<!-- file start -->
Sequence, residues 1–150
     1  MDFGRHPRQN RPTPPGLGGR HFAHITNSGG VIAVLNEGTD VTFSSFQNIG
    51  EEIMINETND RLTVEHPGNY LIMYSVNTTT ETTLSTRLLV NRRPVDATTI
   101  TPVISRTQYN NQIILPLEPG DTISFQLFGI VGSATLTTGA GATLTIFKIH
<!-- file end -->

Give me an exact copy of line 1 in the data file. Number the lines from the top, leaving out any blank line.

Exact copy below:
Sequence, residues 1–150